Thank God we had some good news today. Yes, Lidl have been brave and become the first supermarket to agree to pay the living wage. They weren’t far off it anyway and I should know as I chat to all the staff at the Burnley Lidl about their pay, conditions etc. There’s a lady working there who is now earning more than she was as a teaching assistant. . .
Anyhow, this was good news amongst plenty of bad this week.
1) I spoke to a lovely Police lady who told me “It’s like Christmas out there” and she wasn’t referring to the weather. There’s always a surge of attempted suicides at Christmas and she and her colleagues are dealing with way too many at the moment. The terrible thing is that when they’ve talked people down from bridges or car park roofs or in one case, rushed a young girl to hospital after slashing her wrists, they are despairing that vulnerable people are turfed back out on the street without any psychiatric help, sometimes within hours of the suicide attempt.
I’m also appalled at the lack of assistance for people who are vulnerable. I’ve spent some time on the psychiatric ward of a local hospital (visiting) recently and I’m telling you now – DO NOT GET ILL because you won’t get any help. There are no psychiatric services available because of cuts and this particular ward was mainly run by Health Care Assistants. One patient who started to write about the experiences that had led to her being on the ward was told to stop as she may bring up thoughts that were difficult to deal with. Certainly they would be difficult for the untrained staff to deal with. Here’s pictures of the activity board taken over 3 weeks
2) I spoke to a college lecturer who said it used to be the case that in a class of 20 young people there would be just a couple who were troubled and needed some emotional support. She now has 14 out of 20 students who are really struggling to cope with life. The MAJORITY of her students are self harming. How can this be right? And so many of them are sofa surfing or living in hostels.
3) I gave a talk on Wednesday to a group of elderly ladies who had invited me along to speak about my work with local families and food poverty . They had even brought along some dried and tinned foods for me to take out to one of my struggling families. This particular mum had had her tax credits stopped after her partner walked out and left her and the two children. It’s now six weeks later and they’ve just been re-instated but she has to appeal to get her backdated payments. Which will cost the taxpayer even more money.
Anyhow, the elderly ladies listened and applauded and I asked if there were any questions. One lady said, “We were poor growing up but our mother always made sure we had decent shoes and good food on the table” In that case, I told her, she wasn’t poor.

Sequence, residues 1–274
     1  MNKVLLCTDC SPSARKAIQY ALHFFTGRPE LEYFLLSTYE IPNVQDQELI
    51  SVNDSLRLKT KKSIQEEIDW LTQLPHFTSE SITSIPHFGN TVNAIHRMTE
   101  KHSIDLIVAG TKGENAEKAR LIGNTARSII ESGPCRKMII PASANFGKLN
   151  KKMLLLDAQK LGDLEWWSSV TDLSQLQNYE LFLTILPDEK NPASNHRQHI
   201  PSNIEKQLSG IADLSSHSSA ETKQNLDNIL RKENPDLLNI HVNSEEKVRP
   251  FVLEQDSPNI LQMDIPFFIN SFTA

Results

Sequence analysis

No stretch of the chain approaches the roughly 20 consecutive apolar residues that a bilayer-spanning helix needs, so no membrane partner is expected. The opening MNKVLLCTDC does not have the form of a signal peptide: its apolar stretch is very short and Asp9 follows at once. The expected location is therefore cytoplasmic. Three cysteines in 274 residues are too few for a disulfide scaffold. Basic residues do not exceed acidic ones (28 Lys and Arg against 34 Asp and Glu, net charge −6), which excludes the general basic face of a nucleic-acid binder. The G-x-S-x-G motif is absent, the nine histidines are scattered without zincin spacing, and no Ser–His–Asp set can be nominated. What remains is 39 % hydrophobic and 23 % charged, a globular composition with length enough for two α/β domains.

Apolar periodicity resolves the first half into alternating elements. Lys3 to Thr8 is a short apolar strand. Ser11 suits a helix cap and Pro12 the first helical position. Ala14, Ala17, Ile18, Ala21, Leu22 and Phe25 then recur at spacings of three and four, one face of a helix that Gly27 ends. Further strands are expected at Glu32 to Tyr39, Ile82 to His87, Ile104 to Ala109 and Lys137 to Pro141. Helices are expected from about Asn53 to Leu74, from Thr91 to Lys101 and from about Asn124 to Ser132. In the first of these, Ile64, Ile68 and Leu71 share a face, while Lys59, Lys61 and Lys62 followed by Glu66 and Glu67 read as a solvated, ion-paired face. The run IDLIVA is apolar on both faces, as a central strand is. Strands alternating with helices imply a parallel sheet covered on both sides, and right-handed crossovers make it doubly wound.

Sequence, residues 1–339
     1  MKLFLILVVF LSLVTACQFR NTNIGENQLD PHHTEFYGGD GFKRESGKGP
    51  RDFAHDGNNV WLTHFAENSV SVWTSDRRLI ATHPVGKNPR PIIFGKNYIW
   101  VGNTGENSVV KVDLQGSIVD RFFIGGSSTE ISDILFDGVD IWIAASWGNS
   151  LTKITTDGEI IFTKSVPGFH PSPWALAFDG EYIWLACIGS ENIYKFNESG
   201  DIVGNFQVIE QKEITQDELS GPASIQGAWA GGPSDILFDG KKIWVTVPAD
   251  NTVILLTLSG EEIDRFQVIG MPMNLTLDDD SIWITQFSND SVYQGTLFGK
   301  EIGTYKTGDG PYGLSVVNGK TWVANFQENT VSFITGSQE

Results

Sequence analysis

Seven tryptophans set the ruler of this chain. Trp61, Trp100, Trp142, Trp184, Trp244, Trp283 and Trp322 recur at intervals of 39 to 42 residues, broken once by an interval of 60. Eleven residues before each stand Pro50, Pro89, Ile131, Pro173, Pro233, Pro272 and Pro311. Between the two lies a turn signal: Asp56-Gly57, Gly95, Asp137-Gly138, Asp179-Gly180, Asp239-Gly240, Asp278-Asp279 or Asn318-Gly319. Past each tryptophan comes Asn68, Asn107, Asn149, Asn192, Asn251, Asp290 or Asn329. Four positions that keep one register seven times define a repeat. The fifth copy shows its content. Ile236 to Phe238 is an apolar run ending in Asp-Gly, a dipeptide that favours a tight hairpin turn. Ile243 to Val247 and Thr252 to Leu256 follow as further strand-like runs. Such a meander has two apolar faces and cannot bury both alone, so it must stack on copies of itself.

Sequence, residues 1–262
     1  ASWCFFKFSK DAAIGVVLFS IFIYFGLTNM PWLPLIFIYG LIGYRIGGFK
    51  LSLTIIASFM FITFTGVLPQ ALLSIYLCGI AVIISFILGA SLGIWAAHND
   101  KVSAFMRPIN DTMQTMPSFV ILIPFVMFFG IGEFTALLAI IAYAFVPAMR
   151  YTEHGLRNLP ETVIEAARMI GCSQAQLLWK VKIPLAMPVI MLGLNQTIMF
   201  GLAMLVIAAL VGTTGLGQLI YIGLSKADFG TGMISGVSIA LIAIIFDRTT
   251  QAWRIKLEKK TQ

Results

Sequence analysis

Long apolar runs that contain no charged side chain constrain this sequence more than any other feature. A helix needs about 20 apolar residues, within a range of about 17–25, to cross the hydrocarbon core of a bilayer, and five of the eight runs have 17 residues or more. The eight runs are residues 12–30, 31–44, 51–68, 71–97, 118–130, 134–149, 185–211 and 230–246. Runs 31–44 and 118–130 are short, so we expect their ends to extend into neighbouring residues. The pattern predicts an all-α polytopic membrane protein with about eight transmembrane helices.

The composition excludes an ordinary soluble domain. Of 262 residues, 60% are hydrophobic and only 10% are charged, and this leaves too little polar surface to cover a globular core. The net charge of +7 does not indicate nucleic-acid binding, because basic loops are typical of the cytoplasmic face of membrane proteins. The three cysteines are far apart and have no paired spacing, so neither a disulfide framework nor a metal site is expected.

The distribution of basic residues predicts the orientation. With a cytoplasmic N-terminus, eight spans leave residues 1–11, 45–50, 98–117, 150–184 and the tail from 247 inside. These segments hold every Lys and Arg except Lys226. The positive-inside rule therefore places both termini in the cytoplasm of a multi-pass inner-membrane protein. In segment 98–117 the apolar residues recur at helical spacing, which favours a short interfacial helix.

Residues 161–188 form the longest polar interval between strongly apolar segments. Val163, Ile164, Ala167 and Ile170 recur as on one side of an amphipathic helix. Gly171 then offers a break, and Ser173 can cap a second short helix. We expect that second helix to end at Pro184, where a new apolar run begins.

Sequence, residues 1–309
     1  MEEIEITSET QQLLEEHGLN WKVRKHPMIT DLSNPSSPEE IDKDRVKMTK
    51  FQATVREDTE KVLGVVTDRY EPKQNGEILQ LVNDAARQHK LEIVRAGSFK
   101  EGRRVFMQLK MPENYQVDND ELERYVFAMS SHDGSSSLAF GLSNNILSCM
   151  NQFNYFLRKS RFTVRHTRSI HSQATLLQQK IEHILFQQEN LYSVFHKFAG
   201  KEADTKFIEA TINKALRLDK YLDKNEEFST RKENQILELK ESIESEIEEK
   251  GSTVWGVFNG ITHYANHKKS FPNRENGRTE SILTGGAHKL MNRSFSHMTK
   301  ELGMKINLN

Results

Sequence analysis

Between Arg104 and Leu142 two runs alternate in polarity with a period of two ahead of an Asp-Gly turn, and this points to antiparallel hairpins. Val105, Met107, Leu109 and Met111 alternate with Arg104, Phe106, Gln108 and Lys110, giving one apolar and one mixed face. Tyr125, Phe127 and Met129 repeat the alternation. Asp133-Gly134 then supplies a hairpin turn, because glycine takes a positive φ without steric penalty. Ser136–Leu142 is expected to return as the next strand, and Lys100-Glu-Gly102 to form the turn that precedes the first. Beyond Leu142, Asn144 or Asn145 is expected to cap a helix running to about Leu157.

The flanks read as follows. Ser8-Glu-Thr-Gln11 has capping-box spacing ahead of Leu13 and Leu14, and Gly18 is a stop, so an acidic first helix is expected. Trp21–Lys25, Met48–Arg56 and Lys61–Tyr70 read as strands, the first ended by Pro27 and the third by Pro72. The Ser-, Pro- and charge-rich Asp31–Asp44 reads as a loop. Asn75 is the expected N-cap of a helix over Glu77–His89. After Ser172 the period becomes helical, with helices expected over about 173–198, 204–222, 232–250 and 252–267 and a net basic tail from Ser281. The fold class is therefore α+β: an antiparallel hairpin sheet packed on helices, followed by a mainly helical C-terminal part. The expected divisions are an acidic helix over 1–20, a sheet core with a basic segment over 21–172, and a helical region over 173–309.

“Do you find these families you feed all have mobile phones?” asked another. After I’d explained how the poor can’t get a contract for a land line, how you can get a mobile for a tenner or less, how a ‘bolt-on’ works and how you couldn’t get a parcel from the local food bank unless you had a phone, I was feeling weary. They’d collected food for people who they thought didn’t deserve it and if I didn’t know that a mother and two little kids would go hungry without that food I would have asked them to take it back.
If they could have seen how bloody grateful this poor woman was for the food (and the £25 fee I’d been paid) then they may have changed their over privileged minds.
They made me think that maybe I should start doing coach trips into the areas where I take food, like they used to do tourist coach trips into Soweto. But for God’s sake, you shouldn’t need to see the bodies on the beach before you believe that people deserve to be helped.
And my final bit of bad news is that I’ve decided to hand back the £10,000 cheque for the FoodRiot bus to the NHS. The criteria for the funding was that the groups who received the money would keep people away from the overstretched A&E department. But how can that be right when parents have to wait ten days for a doctor to see a poorly child? What choice do they have?
I had a team of nurses ready to come out on the bus with me and they would do this voluntarily because they know how bad things are. One of them is receiving food from me on a regular basis because she can’t make enough money as a nurse to feed herself and her kids. It’s not right that she should have to work for me, for nothing, after working all day.
Did you know that there is 30 MILLION POUNDS available this year from the Big Lottery funding to give to groups tackling food poverty? Or rather £27,000,000 because £3 million will be creamed off in administration fees.
The charities and social enterprises who are using this funding only exist because the vital services like the NHS, the Police, social services, education and councils have failed to do their duty and if that’s because of the cuts then put the money into the vital services.
For every agency who is doing good works out there and receiving funding for it there will be at least two who are inventing ideas to make vast amounts of money for its directors. Then the directors will pay other dodgy people to provide fabricated evidence of how the money was spent. And nothing will change on the streets. Kids will still starve, landlords will still suggest favours if the rent can’t be paid and funding bodies will add to the lies that everything is getting better by publishing the fabricated evidence and saying what an amazing difference their money has made.
It’s fraud on a grand scale and I don’t want to be a part of it. But I won’t stop shouting either and yes, I’ll still be using the husband’s car to take food to people.
RIP FoodRiot Bus